Under the proposed new system, which is in consultation until October, drivers caught travelling just over the speed limit will receive two points rather than three. Drivers well over the limit will still receive six points.
However, it is likely that the degree of leeway for drivers travelling just over the limit will be reduced, which could result in more, smaller convictions. According to research carried out by contract hire firm Interleasing among 50,000 fleet drivers, 94% of those caught speeding in a 30mph limit would only fall into the low and medium penalty areas.
Of these, nearly 50% were caught travelling between 31mph and 39mph. Under the system, their punishment would be two penalty points and a £40 fine. This would allow them six speeding convictions before losing their licence instead of the current four.
Diarmuid Fahy, accident services manager at Interleasing, said: ‘The new system has been designed to catch more speeding drivers. It’s widely accepted that two or three miles over the speed limit is all right but these new rules suggest fines will be given even if you are one mile over the speed limit. In reality, what this could mean for many fleet managers is an increase in the amount of speeding fines they have to process.
‘Changing the fining system isn’t going to have a significant effect on the speed people travel. Our research shows that the majority of fleet drivers don’t fall into the high speeding category but do we really want them to get the message that they can be convicted of speeding six times before they lose their licence? We need to change this attitude and fleet managers should be making sure their drivers know that speeding is not acceptable, whatever fine they receive.’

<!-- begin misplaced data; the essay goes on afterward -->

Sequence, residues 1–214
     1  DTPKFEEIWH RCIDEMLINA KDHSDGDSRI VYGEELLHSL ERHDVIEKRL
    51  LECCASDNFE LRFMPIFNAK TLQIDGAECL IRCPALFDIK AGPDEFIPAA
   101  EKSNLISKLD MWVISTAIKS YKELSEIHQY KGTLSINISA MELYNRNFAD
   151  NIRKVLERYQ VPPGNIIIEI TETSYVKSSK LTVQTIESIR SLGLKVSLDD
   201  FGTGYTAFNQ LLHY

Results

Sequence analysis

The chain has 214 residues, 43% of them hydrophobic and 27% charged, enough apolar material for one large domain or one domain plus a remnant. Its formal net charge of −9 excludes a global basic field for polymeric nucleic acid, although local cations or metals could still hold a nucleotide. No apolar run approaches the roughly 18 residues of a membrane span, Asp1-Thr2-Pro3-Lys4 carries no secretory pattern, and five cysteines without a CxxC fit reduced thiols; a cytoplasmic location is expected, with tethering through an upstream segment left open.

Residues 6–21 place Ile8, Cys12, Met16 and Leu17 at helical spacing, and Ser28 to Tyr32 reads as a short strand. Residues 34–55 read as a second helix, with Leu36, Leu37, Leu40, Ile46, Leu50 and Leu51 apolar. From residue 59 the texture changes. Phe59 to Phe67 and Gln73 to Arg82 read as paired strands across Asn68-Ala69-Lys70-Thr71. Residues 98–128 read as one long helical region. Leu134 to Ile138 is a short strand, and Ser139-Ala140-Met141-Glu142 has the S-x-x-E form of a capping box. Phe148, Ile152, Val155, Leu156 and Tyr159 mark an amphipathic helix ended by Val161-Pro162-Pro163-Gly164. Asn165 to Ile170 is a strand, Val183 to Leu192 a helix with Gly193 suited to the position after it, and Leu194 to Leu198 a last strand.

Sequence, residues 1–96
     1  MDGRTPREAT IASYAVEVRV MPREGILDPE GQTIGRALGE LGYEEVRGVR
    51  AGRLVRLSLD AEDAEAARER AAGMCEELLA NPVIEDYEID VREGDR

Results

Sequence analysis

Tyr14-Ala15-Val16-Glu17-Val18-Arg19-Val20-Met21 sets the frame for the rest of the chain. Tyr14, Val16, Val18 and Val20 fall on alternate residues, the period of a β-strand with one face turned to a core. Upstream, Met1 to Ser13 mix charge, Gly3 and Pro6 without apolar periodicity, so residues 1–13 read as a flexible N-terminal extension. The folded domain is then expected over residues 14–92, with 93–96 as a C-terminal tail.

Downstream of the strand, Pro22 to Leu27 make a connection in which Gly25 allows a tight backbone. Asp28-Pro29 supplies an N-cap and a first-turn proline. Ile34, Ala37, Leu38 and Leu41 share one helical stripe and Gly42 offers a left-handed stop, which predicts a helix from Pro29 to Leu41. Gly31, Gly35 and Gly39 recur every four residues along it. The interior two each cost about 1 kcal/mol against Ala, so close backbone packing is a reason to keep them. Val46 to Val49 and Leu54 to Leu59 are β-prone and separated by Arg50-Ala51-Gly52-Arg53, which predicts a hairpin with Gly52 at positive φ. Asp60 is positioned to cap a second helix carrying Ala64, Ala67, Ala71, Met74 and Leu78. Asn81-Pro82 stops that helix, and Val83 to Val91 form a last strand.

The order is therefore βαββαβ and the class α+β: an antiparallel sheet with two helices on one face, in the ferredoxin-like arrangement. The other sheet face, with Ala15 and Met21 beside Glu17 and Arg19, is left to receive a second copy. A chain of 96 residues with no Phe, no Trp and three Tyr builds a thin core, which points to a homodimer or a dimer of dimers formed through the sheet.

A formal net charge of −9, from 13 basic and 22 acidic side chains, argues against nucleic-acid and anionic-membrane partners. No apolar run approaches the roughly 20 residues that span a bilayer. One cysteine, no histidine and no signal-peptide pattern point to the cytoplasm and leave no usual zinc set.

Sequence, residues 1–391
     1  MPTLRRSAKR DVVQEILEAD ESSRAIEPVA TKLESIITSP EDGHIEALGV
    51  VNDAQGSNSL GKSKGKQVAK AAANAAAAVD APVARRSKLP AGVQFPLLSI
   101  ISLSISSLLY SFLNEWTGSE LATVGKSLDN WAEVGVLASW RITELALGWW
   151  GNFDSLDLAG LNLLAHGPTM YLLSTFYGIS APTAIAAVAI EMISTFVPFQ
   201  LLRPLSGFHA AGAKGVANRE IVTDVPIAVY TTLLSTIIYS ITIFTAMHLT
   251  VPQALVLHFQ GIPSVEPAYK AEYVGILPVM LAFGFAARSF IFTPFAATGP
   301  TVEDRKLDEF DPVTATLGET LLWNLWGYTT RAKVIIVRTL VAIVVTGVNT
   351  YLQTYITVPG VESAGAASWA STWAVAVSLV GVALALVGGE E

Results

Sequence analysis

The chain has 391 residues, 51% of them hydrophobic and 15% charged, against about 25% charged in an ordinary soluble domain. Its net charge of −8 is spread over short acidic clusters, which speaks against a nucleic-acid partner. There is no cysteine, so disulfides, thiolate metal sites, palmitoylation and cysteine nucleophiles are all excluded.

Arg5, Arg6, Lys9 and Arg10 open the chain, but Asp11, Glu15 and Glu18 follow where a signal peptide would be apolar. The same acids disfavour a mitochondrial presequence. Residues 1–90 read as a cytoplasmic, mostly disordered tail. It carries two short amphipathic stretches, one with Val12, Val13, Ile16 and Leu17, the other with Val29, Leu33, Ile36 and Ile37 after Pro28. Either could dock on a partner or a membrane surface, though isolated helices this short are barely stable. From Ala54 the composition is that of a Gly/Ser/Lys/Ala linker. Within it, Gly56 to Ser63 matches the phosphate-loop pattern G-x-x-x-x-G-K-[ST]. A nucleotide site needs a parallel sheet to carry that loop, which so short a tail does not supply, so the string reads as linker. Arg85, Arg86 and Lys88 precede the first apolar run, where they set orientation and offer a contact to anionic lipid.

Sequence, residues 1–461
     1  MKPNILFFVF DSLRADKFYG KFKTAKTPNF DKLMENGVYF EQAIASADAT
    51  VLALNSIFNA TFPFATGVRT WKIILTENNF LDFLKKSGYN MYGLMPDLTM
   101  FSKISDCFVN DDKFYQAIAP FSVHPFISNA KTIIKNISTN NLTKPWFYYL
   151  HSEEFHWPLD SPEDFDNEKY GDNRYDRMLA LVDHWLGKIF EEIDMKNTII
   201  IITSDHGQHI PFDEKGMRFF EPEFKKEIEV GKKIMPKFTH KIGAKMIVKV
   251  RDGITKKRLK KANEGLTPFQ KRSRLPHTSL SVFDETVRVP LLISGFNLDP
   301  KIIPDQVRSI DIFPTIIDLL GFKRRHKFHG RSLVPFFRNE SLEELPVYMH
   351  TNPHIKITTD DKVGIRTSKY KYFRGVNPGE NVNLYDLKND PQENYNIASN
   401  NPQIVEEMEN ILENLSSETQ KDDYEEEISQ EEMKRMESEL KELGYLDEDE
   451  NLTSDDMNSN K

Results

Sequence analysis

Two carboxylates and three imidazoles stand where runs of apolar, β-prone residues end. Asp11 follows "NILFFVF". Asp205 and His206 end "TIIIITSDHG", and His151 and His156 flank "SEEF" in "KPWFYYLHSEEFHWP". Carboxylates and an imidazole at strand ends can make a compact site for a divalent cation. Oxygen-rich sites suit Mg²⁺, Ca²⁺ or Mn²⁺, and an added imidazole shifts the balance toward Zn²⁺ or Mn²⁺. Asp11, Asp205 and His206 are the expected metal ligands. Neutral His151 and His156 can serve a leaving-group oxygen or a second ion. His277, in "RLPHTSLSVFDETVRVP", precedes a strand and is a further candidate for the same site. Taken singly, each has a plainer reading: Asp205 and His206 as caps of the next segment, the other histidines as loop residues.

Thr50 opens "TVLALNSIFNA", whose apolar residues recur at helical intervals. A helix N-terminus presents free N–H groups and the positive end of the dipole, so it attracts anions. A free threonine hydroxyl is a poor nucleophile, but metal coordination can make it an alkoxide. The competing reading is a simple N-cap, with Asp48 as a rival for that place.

Part of the Government’s strategy for educating drivers includes more speed awareness courses. Transport Secretary Alistair Darling said: ‘We also welcome the police initiative to roll out speed awareness courses for first-time ‘low-end’ offenders, for whom this looks to the most effective way to change their behaviour. I hope these courses, and continued enforcement, will encourage the minority of drivers who speed to slow down – for the sake of their and other road users’ safety.’
Speed awareness courses should be offered to motorists caught doing high speeds as well as, according to the RAC Foundation.
Edmund King, executive director of the RAC Foundation wants to see more courses for habitual law-breakers and first time and low level offenders. He said: It has been clearly demonstrated that these courses have a favourable effect in changing the driving behaviour and perception of speed.’
Proposed speeding offence changes
|Lower penalty||Medium penalty||Higher penalty|
|2 points and £40 fine||3 points and £60 fine||6 points and £100 fine|
|Speed limit (mph)||Speed up and including (mph)||Speed (mph)||Speed at or above (mph)|
|20||No lower penalty||Up to an including 31mph||32|